A new breakthrough in brain-computer interfaces (BCIs) could pave the way for wireless devices that improve life quality and independence for people with paralysis.
BCIs are an emerging assistive technology, enabling people with paralysis to type on computer screens or manipulate robotic prostheses just by thinking about moving their own bodies.
For years, investigational BCIs used in clinical trials have required cables to connect the sensing array in the brain to computers that decode the signals and use them to drive external devices.
Now, for the first time, scientists have demonstrated use of an intracortical wireless BCI with an external wireless transmitter. The study involved clinical trial participants with tetraplegia – partial or total loss of movement of all four limbs and torso.
The system is capable of transmitting brain signals at single-neuron resolution and in full broadband fidelity without physically tethering the user to a decoding system.
The traditional cables are replaced by a small transmitter about two inches in its largest dimension and weighing a little over 1.5 ounces. The unit sits on top of a user’s head and connects to an electrode array within the brain’s motor cortex using the same port used by wired systems.
For the study, published in IEEE Transactions on Biomedical Engineering, two clinical trial participants with paralysis used the BrainGate system with a wireless transmitter to point, click and type on a standard tablet computer.
The study showed that the wireless system transmitted signals with virtually the same fidelity as wired systems, and participants achieved similar point-and-click accuracy and typing speeds.
John Simeral, an assistant professor of engineering at Brown University, a member of the BrainGate research consortium and the study’s lead author, said: “We’ve demonstrated that this wireless system is functionally equivalent to the wired systems that have been the gold standard in BCI performance for years.
“The signals are recorded and transmitted with appropriately similar fidelity, which means we can use the same decoding algorithms we used with wired equipment. The only difference is that people no longer need to be physically tethered to our equipment, which opens up new possibilities in terms of how the system can be used.”
The researchers say the study represents an early but important step toward a major objective in BCI research: a fully implantable intracortical system that aids in restoring independence for people who have lost the ability to move.
While wireless devices with lower bandwidth have been reported previously, this is the first device to transmit the full spectrum of signals recorded by an intracortical sensor.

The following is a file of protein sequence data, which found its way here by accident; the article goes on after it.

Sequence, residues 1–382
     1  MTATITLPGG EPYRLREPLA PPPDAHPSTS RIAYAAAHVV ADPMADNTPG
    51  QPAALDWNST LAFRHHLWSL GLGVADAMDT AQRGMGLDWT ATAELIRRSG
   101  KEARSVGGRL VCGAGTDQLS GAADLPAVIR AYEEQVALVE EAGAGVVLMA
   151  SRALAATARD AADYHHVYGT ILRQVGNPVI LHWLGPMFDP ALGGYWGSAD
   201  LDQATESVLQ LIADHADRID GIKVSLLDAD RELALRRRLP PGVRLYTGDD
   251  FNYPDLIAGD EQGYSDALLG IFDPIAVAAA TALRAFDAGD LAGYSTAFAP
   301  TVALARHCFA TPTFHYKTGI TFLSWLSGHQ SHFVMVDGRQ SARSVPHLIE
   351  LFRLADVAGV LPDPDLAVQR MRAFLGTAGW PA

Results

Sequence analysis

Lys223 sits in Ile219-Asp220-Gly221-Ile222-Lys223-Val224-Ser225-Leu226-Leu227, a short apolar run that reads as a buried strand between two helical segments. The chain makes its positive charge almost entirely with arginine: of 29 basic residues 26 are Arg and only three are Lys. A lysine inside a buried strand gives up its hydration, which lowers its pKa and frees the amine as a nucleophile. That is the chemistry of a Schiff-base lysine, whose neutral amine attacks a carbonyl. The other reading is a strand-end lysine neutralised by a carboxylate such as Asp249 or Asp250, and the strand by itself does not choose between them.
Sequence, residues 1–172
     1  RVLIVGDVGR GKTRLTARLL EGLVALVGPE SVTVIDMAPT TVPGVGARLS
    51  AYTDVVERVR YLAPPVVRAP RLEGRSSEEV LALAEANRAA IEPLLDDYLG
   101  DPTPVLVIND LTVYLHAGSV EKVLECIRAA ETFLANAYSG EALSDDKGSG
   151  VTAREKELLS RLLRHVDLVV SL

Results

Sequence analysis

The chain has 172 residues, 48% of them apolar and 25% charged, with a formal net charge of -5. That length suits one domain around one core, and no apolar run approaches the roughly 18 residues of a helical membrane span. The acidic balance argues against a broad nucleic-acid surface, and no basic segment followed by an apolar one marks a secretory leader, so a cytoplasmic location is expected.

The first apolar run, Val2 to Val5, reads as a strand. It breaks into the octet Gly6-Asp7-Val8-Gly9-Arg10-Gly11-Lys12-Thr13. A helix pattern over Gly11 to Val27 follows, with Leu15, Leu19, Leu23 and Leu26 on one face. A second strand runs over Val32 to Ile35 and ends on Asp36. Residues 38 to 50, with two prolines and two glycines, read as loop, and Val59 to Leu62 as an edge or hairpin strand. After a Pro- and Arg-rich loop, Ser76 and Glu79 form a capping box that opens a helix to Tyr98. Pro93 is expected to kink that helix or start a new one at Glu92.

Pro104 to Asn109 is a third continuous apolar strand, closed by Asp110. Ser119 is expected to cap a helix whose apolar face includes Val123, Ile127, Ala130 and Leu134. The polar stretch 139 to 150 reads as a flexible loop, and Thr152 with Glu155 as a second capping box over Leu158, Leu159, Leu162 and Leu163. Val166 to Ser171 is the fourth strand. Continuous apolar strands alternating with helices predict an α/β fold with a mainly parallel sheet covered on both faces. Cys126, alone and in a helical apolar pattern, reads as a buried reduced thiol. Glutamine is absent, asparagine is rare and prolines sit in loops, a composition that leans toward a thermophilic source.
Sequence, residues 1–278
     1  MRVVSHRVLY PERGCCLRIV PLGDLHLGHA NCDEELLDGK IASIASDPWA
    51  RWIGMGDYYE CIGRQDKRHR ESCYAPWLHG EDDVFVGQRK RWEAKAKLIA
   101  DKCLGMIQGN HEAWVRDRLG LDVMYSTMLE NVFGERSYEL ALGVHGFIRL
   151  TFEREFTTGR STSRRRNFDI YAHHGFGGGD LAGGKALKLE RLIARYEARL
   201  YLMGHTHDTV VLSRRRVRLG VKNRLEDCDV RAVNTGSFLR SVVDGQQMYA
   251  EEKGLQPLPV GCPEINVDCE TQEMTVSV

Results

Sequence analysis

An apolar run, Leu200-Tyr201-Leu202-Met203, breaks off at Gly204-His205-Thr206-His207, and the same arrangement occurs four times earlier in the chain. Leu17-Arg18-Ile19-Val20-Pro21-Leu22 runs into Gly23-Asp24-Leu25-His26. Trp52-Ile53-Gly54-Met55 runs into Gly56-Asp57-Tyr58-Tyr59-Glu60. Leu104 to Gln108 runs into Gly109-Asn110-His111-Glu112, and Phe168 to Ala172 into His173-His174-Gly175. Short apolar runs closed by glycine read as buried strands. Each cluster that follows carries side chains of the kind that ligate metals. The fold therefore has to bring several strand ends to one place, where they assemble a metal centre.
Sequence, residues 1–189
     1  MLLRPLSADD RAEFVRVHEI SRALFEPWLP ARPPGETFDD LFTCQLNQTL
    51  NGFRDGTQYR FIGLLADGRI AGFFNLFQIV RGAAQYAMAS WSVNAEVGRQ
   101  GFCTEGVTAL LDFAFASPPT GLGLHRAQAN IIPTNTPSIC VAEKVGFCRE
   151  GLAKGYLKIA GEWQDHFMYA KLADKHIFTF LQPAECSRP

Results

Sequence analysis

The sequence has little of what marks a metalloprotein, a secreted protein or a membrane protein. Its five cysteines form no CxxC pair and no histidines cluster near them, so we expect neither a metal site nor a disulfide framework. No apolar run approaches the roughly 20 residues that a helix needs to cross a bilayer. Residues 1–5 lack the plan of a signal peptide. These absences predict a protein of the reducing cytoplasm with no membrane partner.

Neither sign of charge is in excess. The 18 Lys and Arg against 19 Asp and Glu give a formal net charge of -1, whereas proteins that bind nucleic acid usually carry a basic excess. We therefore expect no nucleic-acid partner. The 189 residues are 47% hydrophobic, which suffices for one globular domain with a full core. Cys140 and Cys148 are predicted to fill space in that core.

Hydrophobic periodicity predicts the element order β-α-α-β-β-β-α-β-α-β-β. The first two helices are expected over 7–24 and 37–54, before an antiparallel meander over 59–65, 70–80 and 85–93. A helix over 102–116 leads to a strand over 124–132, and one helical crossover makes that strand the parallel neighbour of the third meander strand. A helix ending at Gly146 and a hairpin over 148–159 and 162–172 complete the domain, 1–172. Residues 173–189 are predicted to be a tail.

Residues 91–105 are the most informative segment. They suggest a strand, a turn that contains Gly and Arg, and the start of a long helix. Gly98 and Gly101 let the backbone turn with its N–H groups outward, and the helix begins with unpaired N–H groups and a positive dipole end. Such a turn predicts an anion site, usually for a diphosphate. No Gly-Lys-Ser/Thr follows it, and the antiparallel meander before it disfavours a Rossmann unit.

A high-broadband wireless signal enables clinical research and basic human neuroscience that is much more difficult to perform with wired BCIs.
The new study demonstrated some of those new possibilities. The trial participants – two men aged 35 and 63 respectively – were both paralysed by spinal cord injuries.
They were able to use the system in their homes, as opposed to the lab setting where most BCI research takes place.
Unencumbered by cables, the participants were able to use the BCI continuously for up to 24 hours, giving the researchers long-duration data including while participants slept.
Leigh Hochberg, an engineering professor at Brown, said: “We want to understand how neural signals evolve over time.
“With this system, we’re able to look at brain activity, at home, over long periods in a way that was nearly impossible before. This will help us to design decoding algorithms that provide for the seamless, intuitive, reliable restoration of communication and mobility for people with paralysis.”
The device used in the study was first developed at Brown in the lab of Arto Nurmikko, a professor in Brown’s School of Engineering.
It was designed to transmit high-fidelity signals while drawing minimal power. In the current study, two devices used together recorded neural signals at 48 megabits per second from 200 electrodes with a battery life of over 36 hours.
While the device has been used successfully for several years in basic neuroscience research, additional testing and regulatory permission were required prior to using the system in the BrainGate trial. Nurmikko says the step to human use marks a key moment in the development of BCI technology:
“I am privileged to be part of a team pushing the frontiers of brain-machine interfaces for human use. Importantly, the wireless technology described in our paper has helped us to gain crucial insight for the road ahead in pursuit of next generation of neurotechnologies, such as fully implanted high-density wireless electronic interfaces for the brain.”
The BrainGate consortium is an interdisciplinary group of researchers from Brown, Stanford and Case Western Reserve universities, as well as the Providence Veterans Affairs Medical Center and Massachusetts General Hospital.
In 2012, the team published landmark research in which clinical trial participants were able, for the first time, to operate multidimensional robotic prosthetics using a BCI.
That work has been followed by a steady stream of refinements to the system, as well as new clinical breakthroughs that have enabled people to type on computers, use tablet apps and even move their own paralysed limbs.
Study co-author Sharlene Flesher, who was a postdoctoral fellow at Stanford and is now a hardware engineer at Apple, says: “The evolution of intracortical BCIs from requiring a wire cable to instead using a miniature wireless transmitter is a major step toward functional use of fully implanted, high-performance neural interfaces.
“As the field heads toward reducing transmitted bandwidth while preserving the accuracy of assistive device control, this study may be one of few that captures the full breadth of cortical signals for extended periods of time, including during practical BCI use.”